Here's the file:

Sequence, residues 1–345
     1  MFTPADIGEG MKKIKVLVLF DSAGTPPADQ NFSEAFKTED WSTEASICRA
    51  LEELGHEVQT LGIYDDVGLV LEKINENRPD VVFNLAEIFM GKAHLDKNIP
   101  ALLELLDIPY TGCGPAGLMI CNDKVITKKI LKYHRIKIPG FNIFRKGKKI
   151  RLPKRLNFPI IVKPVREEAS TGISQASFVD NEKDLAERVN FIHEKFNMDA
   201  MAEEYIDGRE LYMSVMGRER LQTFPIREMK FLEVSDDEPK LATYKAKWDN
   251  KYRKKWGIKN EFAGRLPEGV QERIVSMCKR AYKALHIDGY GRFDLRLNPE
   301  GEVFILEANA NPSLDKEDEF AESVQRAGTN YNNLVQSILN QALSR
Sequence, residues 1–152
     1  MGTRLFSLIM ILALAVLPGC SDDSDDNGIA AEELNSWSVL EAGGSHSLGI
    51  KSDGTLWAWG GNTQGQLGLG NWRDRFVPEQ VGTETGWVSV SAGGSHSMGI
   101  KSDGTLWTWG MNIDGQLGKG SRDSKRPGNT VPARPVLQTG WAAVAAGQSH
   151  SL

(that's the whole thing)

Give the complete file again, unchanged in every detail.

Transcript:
Sequence, residues 1–345
     1  MFTPADIGEG MKKIKVLVLF DSAGTPPADQ NFSEAFKTED WSTEASICRA
    51  LEELGHEVQT LGIYDDVGLV LEKINENRPD VVFNLAEIFM GKAHLDKNIP
   101  ALLELLDIPY TGCGPAGLMI CNDKVITKKI LKYHRIKIPG FNIFRKGKKI
   151  RLPKRLNFPI IVKPVREEAS TGISQASFVD NEKDLAERVN FIHEKFNMDA
   201  MAEEYIDGRE LYMSVMGRER LQTFPIREMK FLEVSDDEPK LATYKAKWDN
   251  KYRKKWGIKN EFAGRLPEGV QERIVSMCKR AYKALHIDGY GRFDLRLNPE
   301  GEVFILEANA NPSLDKEDEF AESVQRAGTN YNNLVQSILN QALSR
Sequence, residues 1–152
     1  MGTRLFSLIM ILALAVLPGC SDDSDDNGIA AEELNSWSVL EAGGSHSLGI
    51  KSDGTLWAWG GNTQGQLGLG NWRDRFVPEQ VGTETGWVSV SAGGSHSMGI
   101  KSDGTLWTWG MNIDGQLGKG SRDSKRPGNT VPARPVLQTG WAAVAAGQSH
   151  SL